Defense media has been rife with talk about anti-ship missiles in recent months, thanks in no small part to the lead China and Russia have on the United States when it comes to fielding hypersonic platforms. With the U.S. military turning its attention toward a return to near-peer level conflicts and tensions continuing to escalate in the South China Sea, the ability to target and strike a vessel from standoff distance has never been more important. Still, for all the talk about the ways in which the world’s militaries hopes to sink enemy vessels, not much attention has been paid to just how hard it can be to sink a ship purpose-built for war.

Because warships float atop the surface of what would be their very undoing, one would think sinking one is as simple as penetrating the hull at or below the water line. As water rushes in, the ship’s buoyancy would be compromised and it would stop floating. But reality isn’t quite so simple.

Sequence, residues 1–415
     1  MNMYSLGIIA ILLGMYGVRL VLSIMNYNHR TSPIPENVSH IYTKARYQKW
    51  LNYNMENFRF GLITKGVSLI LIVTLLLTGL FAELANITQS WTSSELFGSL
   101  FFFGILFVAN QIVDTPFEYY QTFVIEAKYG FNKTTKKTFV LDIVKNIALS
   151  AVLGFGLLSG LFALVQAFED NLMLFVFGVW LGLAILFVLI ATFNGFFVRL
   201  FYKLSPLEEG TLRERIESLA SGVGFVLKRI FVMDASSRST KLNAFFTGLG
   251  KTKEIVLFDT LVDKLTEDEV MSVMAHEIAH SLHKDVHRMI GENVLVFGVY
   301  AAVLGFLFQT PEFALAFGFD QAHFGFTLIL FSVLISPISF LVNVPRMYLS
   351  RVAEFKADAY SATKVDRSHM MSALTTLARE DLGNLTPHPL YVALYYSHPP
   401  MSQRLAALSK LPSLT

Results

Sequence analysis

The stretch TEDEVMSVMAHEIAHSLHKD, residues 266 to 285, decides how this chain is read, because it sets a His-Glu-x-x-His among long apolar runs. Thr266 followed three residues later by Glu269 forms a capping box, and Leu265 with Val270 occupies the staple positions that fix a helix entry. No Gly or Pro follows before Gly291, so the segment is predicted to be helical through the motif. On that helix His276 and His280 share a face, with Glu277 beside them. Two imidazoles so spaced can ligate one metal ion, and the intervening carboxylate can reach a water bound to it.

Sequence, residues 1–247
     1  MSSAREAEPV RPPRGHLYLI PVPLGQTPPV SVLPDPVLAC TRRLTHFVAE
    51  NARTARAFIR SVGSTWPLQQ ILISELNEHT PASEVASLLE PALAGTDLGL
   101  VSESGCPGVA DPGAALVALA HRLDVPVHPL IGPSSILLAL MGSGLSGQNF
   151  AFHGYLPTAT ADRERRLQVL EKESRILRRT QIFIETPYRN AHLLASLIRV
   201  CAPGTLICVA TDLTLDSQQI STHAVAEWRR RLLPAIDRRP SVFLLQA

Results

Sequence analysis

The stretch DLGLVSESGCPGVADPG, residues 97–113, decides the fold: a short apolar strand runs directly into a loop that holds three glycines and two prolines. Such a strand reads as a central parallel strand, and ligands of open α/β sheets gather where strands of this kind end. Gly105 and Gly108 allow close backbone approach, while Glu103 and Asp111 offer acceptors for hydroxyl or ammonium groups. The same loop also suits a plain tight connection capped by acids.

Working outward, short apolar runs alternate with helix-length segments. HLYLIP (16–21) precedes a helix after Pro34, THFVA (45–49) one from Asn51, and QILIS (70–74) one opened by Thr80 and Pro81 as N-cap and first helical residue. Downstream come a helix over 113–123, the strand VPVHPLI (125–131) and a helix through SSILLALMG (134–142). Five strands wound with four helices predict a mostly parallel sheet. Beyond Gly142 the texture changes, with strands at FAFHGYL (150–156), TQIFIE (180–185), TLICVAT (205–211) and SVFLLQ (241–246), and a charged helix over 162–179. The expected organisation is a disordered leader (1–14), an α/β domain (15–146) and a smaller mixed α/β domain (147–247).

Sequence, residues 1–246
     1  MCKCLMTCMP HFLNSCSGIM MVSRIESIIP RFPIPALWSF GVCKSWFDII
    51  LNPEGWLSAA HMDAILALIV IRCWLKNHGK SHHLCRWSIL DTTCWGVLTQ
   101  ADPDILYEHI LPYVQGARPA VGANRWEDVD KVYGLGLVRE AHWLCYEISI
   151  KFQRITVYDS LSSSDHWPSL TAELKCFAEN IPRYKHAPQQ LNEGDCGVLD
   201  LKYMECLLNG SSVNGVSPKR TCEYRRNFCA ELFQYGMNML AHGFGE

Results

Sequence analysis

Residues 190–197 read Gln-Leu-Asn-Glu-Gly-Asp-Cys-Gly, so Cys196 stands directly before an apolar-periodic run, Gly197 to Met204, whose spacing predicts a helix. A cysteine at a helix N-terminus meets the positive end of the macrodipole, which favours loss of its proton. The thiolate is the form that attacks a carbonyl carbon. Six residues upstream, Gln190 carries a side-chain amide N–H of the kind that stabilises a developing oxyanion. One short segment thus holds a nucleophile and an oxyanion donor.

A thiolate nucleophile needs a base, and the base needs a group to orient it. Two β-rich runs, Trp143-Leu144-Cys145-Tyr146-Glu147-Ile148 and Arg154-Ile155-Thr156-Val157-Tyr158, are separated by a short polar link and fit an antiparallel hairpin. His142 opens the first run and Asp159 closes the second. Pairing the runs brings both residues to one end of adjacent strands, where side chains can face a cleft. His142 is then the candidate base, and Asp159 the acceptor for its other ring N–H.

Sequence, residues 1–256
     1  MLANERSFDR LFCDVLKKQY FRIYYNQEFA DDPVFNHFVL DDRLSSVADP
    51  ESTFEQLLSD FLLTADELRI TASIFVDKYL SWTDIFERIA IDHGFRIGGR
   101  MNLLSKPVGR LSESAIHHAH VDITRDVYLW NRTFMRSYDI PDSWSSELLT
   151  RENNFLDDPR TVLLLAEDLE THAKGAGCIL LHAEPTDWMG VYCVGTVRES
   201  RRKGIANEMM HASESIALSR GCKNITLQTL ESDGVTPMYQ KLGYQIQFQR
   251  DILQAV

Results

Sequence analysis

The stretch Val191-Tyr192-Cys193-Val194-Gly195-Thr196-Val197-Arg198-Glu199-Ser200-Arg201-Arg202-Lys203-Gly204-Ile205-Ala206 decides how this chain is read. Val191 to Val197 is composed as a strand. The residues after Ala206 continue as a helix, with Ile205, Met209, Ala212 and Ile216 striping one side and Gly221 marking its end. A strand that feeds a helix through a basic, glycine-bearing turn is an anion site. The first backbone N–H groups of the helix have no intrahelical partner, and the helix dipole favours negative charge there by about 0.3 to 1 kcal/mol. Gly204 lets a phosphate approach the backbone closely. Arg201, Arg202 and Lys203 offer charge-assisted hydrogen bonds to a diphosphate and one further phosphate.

In order to sink a ship, you’ve got to hit it, which represents the first serious hurdle for anti-ship weapons platforms. Even America’s massive aircraft carriers, measuring more than a thousand feet in length and housing thousands of sailors, amounts to a tiny speck of a target against the expansive backdrop of an ocean. Because carriers need to be on the move in order to launch aircraft, we’re talking about an exceptionally small target moving in erratic patterns at a great distance (as far as a thousand miles for some Chinese platforms).

Let’s assume that part of the equation is covered, either via an elaborate and capable targeting apparatus or because the target ship is, for some reason, stationary. Under most circumstances, simply hitting a ship still isn’t enough to sink it. To sink most modern warships, you need to rain a whole lot of hate down on it.